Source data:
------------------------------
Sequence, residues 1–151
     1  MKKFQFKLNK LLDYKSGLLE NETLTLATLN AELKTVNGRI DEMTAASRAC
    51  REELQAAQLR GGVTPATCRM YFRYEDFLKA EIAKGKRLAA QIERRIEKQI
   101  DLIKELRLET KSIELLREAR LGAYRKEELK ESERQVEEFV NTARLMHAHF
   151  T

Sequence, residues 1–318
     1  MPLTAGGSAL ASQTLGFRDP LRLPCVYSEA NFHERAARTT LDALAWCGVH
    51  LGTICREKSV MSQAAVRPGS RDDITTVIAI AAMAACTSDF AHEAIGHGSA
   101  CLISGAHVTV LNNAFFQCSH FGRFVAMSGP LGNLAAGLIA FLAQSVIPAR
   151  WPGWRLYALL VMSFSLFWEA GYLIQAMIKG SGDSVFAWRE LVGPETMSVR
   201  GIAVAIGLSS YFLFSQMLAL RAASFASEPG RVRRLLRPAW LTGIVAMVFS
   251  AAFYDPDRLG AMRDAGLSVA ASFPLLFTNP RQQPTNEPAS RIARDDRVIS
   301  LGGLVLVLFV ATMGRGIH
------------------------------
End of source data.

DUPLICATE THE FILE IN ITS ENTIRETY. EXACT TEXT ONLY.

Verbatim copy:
Sequence, residues 1–151
     1  MKKFQFKLNK LLDYKSGLLE NETLTLATLN AELKTVNGRI DEMTAASRAC
    51  REELQAAQLR GGVTPATCRM YFRYEDFLKA EIAKGKRLAA QIERRIEKQI
   101  DLIKELRLET KSIELLREAR LGAYRKEELK ESERQVEEFV NTARLMHAHF
   151  T

Sequence, residues 1–318
     1  MPLTAGGSAL ASQTLGFRDP LRLPCVYSEA NFHERAARTT LDALAWCGVH
    51  LGTICREKSV MSQAAVRPGS RDDITTVIAI AAMAACTSDF AHEAIGHGSA
   101  CLISGAHVTV LNNAFFQCSH FGRFVAMSGP LGNLAAGLIA FLAQSVIPAR
   151  WPGWRLYALL VMSFSLFWEA GYLIQAMIKG SGDSVFAWRE LVGPETMSVR
   201  GIAVAIGLSS YFLFSQMLAL RAASFASEPG RVRRLLRPAW LTGIVAMVFS
   251  AAFYDPDRLG AMRDAGLSVA ASFPLLFTNP RQQPTNEPAS RIARDDRVIS
   301  LGGLVLVLFV ATMGRGIH